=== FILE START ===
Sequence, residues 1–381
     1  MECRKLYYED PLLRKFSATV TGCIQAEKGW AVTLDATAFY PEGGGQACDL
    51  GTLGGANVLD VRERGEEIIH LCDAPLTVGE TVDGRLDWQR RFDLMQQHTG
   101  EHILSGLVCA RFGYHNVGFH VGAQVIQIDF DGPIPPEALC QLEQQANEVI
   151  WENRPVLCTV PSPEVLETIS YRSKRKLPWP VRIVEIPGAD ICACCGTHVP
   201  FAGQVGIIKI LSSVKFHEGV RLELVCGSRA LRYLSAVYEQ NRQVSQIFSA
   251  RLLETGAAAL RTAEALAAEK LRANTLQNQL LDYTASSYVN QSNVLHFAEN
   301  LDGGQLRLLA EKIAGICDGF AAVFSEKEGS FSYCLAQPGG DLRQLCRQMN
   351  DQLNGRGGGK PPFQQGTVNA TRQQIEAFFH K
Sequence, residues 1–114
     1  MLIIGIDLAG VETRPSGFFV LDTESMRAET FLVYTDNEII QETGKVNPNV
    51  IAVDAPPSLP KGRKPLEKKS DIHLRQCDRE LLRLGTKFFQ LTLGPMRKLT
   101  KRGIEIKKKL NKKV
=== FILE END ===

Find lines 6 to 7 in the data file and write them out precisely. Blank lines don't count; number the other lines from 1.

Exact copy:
   201  FAGQVGIIKI LSSVKFHEGV RLELVCGSRA LRYLSAVYEQ NRQVSQIFSA
   251  RLLETGAAAL RTAEALAAEK LRANTLQNQL LDYTASSYVN QSNVLHFAEN